Reciprocal displays

Within the pages of official Railway Board reports from the 1920s to the 1940s can be found more specific information about the Indian railways’ publicity machinery. In 1927, the Railway Board established a Central Publicity Bureau at Bombay, headed by a Chief Publicity Officer. Among the salient activities of this bureau was the production and exhibition of a “large number of posters by leading artists…in India and in the principal countries of the world focussing attention on the attractions which India has to offer travellers and tourists”.

These attractions comprised places of historical, cultural and recreational interest. In the Railway Board report for 1932-’33, there is a representative spread of publicity posters featuring Banaras, Burma, Kashmir, Mysore, Rajputana, Trichinopoly and Madurai, while in the report from 1938-’39 appear Lahore’s Badshahi Mosque, Gwalior Fort, among other sites.

The posters also find mention in the records of both houses of the Imperial Legislative Council (the lower Legislative Assembly and upper Council of State) in the context of discussions on railway budgets. This makes the legislative record from the late 1920s to the early 1940s an art historical archive, a source of the names of many of the artists along with some of the posters they designed titled by place, as well as the amounts these individuals were paid.

Bodh Gaya. Credit: Boston Public Library/Flickr [CC BY-NC-ND 2.0].

There are some well-known graphic artists of the day listed in a Legislative Assembly Debates report from 1931 – Fred Taylor, Frank Newbould, Roger Broders, Tom Purvis, Kathleen ‘Kay’ Nixon, Dorothy Newsome, Leonard Cusden, HG Gawthorn, Victor Veevers, WS Bagdatopoulos and Gerald T Tait (all of whom, except the Frenchman Broders, were British). In some cases, the reports help match artist to poster, or at least narrow down potential correspondences. For instance, the Calcutta Zoo poster mentioned earlier was designed by Kay Nixon and the Darjeeling one most likely by Victor Veevers (confirmed by the signature).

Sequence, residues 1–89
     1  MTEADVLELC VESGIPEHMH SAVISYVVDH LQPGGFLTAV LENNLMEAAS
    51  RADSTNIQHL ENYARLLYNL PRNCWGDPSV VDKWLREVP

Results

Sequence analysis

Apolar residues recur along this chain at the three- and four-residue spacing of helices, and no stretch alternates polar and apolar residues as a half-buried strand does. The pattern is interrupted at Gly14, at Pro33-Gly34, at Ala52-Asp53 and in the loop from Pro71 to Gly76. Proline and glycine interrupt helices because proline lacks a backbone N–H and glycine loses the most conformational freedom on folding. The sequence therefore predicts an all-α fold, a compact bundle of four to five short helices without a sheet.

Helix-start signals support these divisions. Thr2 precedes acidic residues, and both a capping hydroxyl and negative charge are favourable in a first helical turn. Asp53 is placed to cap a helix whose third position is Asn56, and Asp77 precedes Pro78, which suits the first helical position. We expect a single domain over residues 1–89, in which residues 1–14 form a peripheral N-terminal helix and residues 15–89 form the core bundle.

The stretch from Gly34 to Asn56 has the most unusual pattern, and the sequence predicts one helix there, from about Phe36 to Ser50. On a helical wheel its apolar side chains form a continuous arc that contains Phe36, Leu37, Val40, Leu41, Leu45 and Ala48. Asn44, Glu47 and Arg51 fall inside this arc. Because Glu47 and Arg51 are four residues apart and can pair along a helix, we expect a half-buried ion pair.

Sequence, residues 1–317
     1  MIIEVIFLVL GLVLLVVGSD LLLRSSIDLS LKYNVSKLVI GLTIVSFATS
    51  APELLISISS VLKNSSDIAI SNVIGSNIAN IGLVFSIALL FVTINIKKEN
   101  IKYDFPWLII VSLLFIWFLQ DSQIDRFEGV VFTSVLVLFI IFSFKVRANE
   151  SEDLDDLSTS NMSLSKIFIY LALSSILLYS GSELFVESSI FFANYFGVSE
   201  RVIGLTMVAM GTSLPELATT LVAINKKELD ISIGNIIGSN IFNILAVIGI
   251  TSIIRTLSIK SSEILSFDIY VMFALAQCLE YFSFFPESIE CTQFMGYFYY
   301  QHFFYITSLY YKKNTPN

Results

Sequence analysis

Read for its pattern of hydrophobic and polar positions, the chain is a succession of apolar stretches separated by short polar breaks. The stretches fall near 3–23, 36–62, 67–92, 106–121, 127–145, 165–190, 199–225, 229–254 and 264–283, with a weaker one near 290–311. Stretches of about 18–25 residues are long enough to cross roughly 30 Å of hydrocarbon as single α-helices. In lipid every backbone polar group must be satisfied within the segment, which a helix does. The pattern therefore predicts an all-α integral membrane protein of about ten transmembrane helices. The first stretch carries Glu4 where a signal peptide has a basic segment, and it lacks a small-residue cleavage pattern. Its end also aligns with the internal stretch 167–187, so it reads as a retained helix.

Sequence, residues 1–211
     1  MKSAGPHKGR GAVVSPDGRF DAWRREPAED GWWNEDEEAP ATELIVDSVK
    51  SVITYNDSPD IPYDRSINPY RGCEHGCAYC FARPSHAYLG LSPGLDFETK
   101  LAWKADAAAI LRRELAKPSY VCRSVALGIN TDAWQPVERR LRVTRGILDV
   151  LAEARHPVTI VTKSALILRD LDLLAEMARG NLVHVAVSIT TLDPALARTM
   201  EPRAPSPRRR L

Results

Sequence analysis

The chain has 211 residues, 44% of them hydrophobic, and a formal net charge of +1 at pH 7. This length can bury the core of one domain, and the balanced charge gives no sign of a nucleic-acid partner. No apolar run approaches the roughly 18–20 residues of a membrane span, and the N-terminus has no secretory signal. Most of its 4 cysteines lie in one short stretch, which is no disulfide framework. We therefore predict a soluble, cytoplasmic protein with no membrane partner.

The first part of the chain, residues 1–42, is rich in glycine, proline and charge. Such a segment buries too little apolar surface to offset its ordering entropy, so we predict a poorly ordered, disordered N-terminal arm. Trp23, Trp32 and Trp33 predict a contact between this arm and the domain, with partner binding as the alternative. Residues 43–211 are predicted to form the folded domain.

Since sarkari presses of the time were not capable of high-quality colour production, the publication of posters was outsourced by the publicity department to private companies and printing presses, such as the Times of India press in Bombay. Finally, once printed, the posters were advertised through a system of “reciprocal displays” at major stations in Europe, Africa, America, Japan and Australia, important trade centres, at post and telegraph offices in India and via sandwich board parades. To continue bringing India to the world and thus the world to the Indian railways, two offices of the Central Publicity Bureau were opened in London and two in New York between 1925 and 1930. The Railway Board report from 1928-’29 states, “Posters were distributed and reciprocal arrangements entered into with the English railways for the display of posters. Attractive window displays were arranged in both the Haymarket and India House bureaux.” Similarly, in response to growing interest from Americans who wanted to tour India, window displays were mounted “in leading shops and tourist agencies in New York and other cities,” according to the report of 1930-’31.

Kashmir. Credit: Boston Public Library/Flickr [CC BY-NC-ND 2.0].

Foreign gaze

In terms of iconography, these travel posters were an interpretation of India orientated to foreign gazes, informed by modernist movements and trends sweeping the Euro-American world. As a form, the travel poster had, by the 1920s, attained peak maturity and popularity in Europe, North America and the United Kingdom. This acme of the travel poster, the period between the World Wars before photography took over, was also arguably the high point of what is referred to as the Golden Age of Travel, when technologically and aesthetically sophisticated means of intra- and inter-national transport facilitated mass tourism and luxe holidays to far-off destinations.